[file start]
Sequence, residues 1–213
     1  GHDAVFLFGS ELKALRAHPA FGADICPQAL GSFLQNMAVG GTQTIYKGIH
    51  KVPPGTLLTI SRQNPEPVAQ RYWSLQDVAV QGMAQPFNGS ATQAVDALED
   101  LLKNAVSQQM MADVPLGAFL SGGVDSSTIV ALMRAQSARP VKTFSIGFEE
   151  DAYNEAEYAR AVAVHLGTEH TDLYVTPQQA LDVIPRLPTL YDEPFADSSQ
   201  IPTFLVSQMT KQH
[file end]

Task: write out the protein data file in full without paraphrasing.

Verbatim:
Sequence, residues 1–213
     1  GHDAVFLFGS ELKALRAHPA FGADICPQAL GSFLQNMAVG GTQTIYKGIH
    51  KVPPGTLLTI SRQNPEPVAQ RYWSLQDVAV QGMAQPFNGS ATQAVDALED
   101  LLKNAVSQQM MADVPLGAFL SGGVDSSTIV ALMRAQSARP VKTFSIGFEE
   151  DAYNEAEYAR AVAVHLGTEH TDLYVTPQQA LDVIPRLPTL YDEPFADSSQ
   201  IPTFLVSQMT KQH